Integrated Youth Services Network of Networks Initiative (IYS-Net) – Overview
Why does this initiative matter?
Research shows that 75% of mental illness begins before age 25. There is therefore a need to intervene early in ways that are easily accessible and meet young people where they are.
The COVID-19 pandemic has also exacerbated mental health and substance use difficulties for many young people (e.g., anxiety, depression, substance use disorders). These challenges can be attributed to a range of factors including a lack of access to mental health services, disruptions to education systems, social isolation and an uneven job market.
In response to this pressing mental health and substance use crisis in Canada, IYS-Net will improve access to mental health and substance use supports and services for young people (typically in the range of 12 to 25 years of age) by advancing Canada-wide research, collaboration, and knowledge mobilization regarding evidence-based IYS models to improve youth mental health and substance use outcomes. It will also promote an equitable learning health systems approach, where evidence is integrated seamlessly into practice, health decision-making and policy.
What is a Learning Health System?
A Learning Health System (LHS) is a health care system in which research, data, and experience generate knowledge and evidence that is embedded in and applied to processes, policies and practices to continuously innovate and improve health equity, service delivery and cost. A LHS will also improve the experience for service providers as well as for people accessing services (e.g. youth, families, caregivers, etc.).
What are Integrated Youth Services and what do we mean by a ‘Network of Networks’?
Integrated Youth Services (IYS) represents a dynamic pan-Canadian and international approach that aims to build effective, youth-focused and integrated services for mental health, substance use and related issues. It is defined by a set of guiding principles for delivering community-based mental health and substance use services alongside additional needed youth supports. Services delivered through IYS often include:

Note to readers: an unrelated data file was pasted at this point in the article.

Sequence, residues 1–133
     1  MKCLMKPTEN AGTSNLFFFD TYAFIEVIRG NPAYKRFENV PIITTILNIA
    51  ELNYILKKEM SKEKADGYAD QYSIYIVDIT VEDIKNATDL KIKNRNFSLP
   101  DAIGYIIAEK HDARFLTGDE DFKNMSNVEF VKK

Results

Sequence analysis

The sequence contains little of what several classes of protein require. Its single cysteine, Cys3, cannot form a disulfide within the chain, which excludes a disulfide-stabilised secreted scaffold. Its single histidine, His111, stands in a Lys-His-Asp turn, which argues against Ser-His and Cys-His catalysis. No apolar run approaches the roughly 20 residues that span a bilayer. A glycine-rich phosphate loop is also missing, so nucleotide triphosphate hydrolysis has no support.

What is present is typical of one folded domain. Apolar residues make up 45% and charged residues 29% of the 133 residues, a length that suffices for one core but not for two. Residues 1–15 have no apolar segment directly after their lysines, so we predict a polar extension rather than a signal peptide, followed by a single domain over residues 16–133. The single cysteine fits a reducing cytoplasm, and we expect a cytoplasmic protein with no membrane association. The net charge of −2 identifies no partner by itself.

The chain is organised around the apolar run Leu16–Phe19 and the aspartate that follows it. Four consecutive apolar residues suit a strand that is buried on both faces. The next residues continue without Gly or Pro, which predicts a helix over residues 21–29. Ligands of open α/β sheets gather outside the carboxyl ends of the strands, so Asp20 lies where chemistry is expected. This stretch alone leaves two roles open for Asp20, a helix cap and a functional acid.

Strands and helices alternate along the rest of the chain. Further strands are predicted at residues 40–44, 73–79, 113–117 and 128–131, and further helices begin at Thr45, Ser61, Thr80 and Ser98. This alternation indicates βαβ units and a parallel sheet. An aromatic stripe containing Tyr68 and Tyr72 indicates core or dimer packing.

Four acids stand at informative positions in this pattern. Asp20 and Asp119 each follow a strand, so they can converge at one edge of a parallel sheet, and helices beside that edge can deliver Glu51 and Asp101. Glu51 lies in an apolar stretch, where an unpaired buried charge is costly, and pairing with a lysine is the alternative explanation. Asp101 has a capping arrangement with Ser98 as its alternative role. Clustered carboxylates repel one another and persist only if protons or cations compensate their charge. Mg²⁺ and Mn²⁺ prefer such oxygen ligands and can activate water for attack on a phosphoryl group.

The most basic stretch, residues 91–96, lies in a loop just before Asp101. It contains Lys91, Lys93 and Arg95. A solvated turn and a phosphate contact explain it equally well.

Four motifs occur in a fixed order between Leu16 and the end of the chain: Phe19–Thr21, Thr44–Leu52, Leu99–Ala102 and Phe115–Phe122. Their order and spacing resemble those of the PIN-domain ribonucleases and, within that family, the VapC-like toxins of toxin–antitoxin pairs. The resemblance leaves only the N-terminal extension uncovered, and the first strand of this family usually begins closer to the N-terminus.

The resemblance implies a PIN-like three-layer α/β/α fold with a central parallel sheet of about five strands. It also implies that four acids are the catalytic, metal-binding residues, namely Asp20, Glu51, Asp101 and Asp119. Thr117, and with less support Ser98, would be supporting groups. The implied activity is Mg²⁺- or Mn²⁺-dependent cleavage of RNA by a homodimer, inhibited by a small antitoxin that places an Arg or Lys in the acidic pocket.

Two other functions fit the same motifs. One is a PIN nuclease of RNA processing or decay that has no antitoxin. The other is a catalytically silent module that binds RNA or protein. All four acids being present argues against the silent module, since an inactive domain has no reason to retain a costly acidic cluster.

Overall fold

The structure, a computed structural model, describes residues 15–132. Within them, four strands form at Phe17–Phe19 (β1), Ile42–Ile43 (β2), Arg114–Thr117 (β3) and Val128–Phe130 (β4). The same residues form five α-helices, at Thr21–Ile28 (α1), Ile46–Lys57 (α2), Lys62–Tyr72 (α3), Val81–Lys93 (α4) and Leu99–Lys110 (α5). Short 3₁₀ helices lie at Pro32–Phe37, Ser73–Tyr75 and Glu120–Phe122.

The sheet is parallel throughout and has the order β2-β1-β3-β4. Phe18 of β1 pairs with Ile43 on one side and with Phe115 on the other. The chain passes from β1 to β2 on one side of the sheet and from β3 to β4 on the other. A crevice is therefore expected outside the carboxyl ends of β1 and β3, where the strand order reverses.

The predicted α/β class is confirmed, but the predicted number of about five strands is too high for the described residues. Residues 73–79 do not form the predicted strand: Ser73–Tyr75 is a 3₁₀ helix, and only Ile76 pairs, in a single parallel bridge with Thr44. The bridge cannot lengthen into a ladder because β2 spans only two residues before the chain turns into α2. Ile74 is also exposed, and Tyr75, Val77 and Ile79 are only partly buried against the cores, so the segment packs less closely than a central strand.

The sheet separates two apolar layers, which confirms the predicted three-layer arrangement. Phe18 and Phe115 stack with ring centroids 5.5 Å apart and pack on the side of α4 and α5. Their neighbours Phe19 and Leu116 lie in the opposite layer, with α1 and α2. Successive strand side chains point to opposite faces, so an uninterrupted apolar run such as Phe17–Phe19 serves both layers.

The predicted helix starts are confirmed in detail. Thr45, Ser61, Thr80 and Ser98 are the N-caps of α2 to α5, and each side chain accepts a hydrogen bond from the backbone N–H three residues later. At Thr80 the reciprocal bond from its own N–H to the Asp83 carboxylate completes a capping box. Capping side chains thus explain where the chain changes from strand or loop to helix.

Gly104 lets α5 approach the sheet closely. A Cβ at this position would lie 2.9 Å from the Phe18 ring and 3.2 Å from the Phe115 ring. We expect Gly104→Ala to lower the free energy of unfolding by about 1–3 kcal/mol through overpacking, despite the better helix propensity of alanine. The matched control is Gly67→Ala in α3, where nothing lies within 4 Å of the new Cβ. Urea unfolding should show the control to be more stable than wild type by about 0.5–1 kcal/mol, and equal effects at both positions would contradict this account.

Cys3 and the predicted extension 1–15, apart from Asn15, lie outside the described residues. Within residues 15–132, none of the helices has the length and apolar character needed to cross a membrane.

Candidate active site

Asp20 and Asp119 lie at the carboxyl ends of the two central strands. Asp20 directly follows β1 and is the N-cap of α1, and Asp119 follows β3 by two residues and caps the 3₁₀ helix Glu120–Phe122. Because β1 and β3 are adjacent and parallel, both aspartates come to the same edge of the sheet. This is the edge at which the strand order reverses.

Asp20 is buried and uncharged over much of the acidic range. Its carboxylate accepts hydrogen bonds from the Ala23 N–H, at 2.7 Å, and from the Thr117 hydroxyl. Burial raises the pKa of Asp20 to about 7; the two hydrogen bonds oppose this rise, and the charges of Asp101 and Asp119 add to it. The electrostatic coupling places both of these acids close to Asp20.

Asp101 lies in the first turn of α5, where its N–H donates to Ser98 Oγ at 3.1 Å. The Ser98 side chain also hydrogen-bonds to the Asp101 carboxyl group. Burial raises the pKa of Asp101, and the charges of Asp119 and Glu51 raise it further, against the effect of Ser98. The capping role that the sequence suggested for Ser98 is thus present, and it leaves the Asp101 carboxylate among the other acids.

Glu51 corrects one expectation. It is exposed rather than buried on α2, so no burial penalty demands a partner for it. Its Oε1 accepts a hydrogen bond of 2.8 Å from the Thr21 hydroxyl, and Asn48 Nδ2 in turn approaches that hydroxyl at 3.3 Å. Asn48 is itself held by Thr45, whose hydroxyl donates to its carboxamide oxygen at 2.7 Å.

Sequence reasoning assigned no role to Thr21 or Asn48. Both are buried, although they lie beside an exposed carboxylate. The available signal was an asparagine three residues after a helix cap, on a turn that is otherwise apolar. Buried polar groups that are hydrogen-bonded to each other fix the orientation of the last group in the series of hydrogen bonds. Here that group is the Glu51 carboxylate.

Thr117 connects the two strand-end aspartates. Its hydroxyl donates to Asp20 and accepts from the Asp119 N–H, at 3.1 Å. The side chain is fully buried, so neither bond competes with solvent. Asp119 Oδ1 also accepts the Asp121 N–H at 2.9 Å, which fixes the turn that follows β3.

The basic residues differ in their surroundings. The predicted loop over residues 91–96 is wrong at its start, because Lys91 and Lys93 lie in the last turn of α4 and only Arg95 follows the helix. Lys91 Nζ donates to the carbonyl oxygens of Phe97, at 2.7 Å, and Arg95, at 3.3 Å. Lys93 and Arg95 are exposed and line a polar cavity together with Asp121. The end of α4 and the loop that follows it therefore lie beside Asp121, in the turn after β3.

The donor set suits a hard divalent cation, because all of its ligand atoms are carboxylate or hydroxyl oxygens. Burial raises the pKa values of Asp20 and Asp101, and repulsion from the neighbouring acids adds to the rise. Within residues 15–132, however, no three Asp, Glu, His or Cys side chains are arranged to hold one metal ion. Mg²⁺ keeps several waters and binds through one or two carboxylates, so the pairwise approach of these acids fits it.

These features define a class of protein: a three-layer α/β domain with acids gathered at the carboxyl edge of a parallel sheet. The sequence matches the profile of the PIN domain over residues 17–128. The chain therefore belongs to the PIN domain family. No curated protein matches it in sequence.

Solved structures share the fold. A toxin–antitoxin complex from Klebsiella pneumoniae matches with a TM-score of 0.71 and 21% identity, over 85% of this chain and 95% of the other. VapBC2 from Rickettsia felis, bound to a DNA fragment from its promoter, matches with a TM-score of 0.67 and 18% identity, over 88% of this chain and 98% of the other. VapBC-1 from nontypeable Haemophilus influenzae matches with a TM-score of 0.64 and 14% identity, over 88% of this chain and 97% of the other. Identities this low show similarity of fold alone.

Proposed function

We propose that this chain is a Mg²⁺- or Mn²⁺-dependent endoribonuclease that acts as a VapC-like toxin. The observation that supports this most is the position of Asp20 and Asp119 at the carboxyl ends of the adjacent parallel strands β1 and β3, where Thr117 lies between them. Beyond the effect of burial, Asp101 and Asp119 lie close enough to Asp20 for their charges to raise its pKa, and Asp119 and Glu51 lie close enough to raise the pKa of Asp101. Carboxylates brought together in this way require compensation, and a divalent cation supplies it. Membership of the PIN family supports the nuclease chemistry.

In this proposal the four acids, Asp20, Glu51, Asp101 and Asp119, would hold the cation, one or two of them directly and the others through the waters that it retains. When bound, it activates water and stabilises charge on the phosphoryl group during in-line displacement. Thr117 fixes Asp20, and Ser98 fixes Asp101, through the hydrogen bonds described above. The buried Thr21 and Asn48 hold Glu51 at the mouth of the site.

- mental health services
- substance use counselling
- primary care
- peer and family support services
- sexual health services
- work and study supports
- navigating the health care system
- housing and other social and community services
- traditional Indigenous healing and cultural practices
This approach has been designed and developed by young people and their caregivers and families and has been gaining momentum across Canada since 2013.
In Canada, almost every province and territory is rolling out IYS (e.g., Foundry in British Columbia, Youth Wellness Hubs Ontario), including in Indigenous communities. While individual IYS sites may vary depending on the local needs of communities, each province and territory set guiding practices or standards for the delivery of IYS. IYS-Net will build upon the success of the ACCESS Open Minds Network and support existing and developing provincial and territorial networks to understand and evaluate best practices in IYS.
IYS-Net is called a “network of networks” because the goal is to support provincial and territorial networks to develop and maintain learning health systems, as well as link IYS networks across the country (existing and emerging) into a coordinated, pan-Canadian network of IYS researchers, service providers, policy makers, and most importantly, youth.
IYS-Net and Pan-Canadian Standards for Mental Health Services
In addition, IYS-Net will play a prominent role in informing Canada's National Standards for Mental Health Services, a Government of Canada priority outlined in Budget 2021.
IYS-Net will contribute evidence and knowledge to inform the development of pan-Canadian standards for mental health and substance use services in IYS (e.g., standards for data gathering, quality of services, access to care, culturally informed care, and engaging youth and families in service design and delivery, etc.).
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